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How does SEBI's regulation on NAVs impact investors?

Here is Dhirendra Kumar's view on the impact of SEBI's new regulation on retail investors.

What is the effect of recent SEBI circular regarding NAV on retail investors? What is the rationale of changing the expense ratio very frequently as noted in my fund, L&T midcap? Can't you show a separate AUM for regular & direct options on the VR site?
- Sanjeev Purohit

These are three separate questions with different contexts. Until now, it was possible that if your investment was up to rupees two lakh, you could deposit a cheque and if your investment was registered or time stamped before 1 o'clock, which was the cut-off time on that specific date, you would get the evening's NAV. So, earlier, your invested amount, excluding the stamp duty, divided by the NAV of that specific date was the number of units allotted.

Now, this rule has changed. The rule that earlier was applicable to all investments of Rs two lakh and more is now applicable to all investments in mutual funds, irrespective of the amount. So, no matter what the size of your investment is, you will be allotted NAV only when the fund company receives the money.

This change, however, has no bearing on digital investments because online investment mandates that the money is debited from your account and credited to the fund company's account at that moment itself with a timestamp. Likewise, it has no bearing on all your ECS mandate and other things because they are auto-debited from your bank account. So, it affects only the cheque that you write to a fund company and go with an application form for your investments. It is a fair system. This is because you writing a cheque doesn't mean that the fund company has received it and it is fair to all other investors as well.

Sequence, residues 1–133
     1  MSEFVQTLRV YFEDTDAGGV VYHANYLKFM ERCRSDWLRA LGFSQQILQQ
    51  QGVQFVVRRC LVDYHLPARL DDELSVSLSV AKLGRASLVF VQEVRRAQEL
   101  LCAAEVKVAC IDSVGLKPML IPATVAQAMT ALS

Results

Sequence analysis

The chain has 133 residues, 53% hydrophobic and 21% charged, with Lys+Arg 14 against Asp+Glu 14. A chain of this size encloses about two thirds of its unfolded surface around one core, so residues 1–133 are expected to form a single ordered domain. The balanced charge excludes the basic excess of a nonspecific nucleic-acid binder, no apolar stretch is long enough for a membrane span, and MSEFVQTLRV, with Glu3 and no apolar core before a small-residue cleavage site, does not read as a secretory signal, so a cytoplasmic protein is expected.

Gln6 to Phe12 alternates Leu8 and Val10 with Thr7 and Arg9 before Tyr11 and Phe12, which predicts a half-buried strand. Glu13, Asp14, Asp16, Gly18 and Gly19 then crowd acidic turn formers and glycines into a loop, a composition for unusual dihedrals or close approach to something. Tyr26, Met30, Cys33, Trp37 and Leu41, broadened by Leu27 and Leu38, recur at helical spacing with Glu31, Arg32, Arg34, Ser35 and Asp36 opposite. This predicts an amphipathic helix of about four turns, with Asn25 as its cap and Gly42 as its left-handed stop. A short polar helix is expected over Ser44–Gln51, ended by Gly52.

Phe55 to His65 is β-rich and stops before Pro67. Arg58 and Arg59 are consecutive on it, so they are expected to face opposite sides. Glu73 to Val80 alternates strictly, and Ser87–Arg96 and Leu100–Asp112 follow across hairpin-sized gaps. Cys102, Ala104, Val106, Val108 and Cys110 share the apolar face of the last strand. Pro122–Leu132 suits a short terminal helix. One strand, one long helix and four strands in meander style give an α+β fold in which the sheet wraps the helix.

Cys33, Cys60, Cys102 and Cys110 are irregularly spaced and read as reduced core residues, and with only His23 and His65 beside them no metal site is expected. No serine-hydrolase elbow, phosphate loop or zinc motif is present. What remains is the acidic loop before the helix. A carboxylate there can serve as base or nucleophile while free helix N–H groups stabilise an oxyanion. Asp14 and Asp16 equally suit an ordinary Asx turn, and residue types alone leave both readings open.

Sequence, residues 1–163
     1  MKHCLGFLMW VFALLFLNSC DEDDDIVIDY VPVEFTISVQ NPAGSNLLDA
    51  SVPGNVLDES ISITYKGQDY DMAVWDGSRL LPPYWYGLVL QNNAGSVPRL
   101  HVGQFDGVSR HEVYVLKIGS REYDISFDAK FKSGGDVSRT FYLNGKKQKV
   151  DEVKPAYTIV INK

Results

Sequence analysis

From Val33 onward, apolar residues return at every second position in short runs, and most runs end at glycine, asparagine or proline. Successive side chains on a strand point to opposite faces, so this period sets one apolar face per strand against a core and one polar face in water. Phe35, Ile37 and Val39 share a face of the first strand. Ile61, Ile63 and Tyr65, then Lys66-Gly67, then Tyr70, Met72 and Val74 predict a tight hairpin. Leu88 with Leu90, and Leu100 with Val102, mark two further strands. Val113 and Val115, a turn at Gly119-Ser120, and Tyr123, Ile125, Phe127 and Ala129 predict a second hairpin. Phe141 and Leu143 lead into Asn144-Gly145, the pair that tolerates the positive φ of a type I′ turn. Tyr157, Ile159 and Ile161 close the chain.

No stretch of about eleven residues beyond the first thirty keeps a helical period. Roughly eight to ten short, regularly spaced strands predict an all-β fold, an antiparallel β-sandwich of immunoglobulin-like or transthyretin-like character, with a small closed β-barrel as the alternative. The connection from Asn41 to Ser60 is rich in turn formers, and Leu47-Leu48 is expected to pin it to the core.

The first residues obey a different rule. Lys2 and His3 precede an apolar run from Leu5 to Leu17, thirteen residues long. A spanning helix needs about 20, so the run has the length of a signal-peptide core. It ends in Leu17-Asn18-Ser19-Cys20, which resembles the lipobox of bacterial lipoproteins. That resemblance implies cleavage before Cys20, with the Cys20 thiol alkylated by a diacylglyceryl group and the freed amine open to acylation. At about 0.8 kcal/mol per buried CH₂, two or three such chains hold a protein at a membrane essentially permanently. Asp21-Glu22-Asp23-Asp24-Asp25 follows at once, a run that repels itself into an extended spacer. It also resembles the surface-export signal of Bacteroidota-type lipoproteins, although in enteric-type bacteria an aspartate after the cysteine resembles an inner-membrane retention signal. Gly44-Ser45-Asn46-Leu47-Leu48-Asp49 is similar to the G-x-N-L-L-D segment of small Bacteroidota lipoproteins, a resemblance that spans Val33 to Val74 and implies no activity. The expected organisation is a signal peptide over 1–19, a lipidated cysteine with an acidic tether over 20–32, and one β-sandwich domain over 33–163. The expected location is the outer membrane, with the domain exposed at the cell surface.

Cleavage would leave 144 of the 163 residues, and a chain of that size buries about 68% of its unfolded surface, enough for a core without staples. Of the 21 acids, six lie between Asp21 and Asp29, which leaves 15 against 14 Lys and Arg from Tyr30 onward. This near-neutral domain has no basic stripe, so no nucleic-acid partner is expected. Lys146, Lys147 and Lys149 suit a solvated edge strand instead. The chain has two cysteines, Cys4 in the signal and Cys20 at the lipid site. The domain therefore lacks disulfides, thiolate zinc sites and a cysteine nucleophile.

To answer your second question as to why expenses vary or change often, this is simply because expenses are variable. A little less than two years ago, SEBI made changes in the expense ratio.The rationale for this change is that as a fund gets bigger, it should charge lower expenses and economies of scale should translate into some advantage for investors.

So, for AUM up to Rs. 500 crore, equity funds are allowed to charge up to 2.25 per cent and the corresponding number for debt funds is 2 per cent. So, it goes down by 25 basis points i.e. one-fourth of a percentage for every amount bracket up to 10,000 crore and after that, for every additional 5000 crore added to the AUM, fund companies are supposed to reduce expenses by 0.05 per cent. That is for the equity fund and for the debt fund, it is relatively low. It reduces from 1.25 per cent for AUM up to 10,000 crore and subsequently, five basis points thereon for every 5000 crore. So, as a fund gets bigger in denomination, expenses go down. Of course, over and above this, there is a GST of 18 per cent.

On top of it, AMCs are being incentivised to sell mutual funds. Therefore, they are allowed to charge a maximum of extra 30 basis points. Earlier the incentive was for mobilising money from beyond top 15 cities but now it is for beyond top 30 cities. The move was made to extend the reach of mutual funds across the country.

So, if a fund company is able to mobilise 30 per cent of its incremental money, i.e. new money, from B-30 cities, they can charge a maximum of 30 basis points more. So, all these combined mechanisms translate into variable expenses. SEBI has also mandated that whenever expenses change, investors should be informed. Now, you are being informed about all the changes in expenses so that you can take a decision based on a relative view of how other funds are doing and their costs as compared to your funds.

To answer your third question as to why we don't show the AUM of regular and direct options separately, this is simply because we don't get it. The disclosure is not independent i.e. it is not made separately for these two plans. So, we cannot.